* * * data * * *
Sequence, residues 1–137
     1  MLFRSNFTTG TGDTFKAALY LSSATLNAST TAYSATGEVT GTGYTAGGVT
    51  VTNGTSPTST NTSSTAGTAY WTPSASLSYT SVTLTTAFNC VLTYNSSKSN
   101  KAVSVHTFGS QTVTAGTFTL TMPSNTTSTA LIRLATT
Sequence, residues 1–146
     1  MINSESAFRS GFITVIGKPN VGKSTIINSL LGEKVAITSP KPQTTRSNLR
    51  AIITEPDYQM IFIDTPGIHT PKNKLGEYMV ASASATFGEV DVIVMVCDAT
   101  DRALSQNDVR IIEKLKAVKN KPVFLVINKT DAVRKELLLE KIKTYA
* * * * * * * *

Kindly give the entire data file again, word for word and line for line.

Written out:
Sequence, residues 1–137
     1  MLFRSNFTTG TGDTFKAALY LSSATLNAST TAYSATGEVT GTGYTAGGVT
    51  VTNGTSPTST NTSSTAGTAY WTPSASLSYT SVTLTTAFNC VLTYNSSKSN
   101  KAVSVHTFGS QTVTAGTFTL TMPSNTTSTA LIRLATT
Sequence, residues 1–146
     1  MINSESAFRS GFITVIGKPN VGKSTIINSL LGEKVAITSP KPQTTRSNLR
    51  AIITEPDYQM IFIDTPGIHT PKNKLGEYMV ASASATFGEV DVIVMVCDAT
   101  DRALSQNDVR IIEKLKAVKN KPVFLVINKT DAVRKELLLE KIKTYA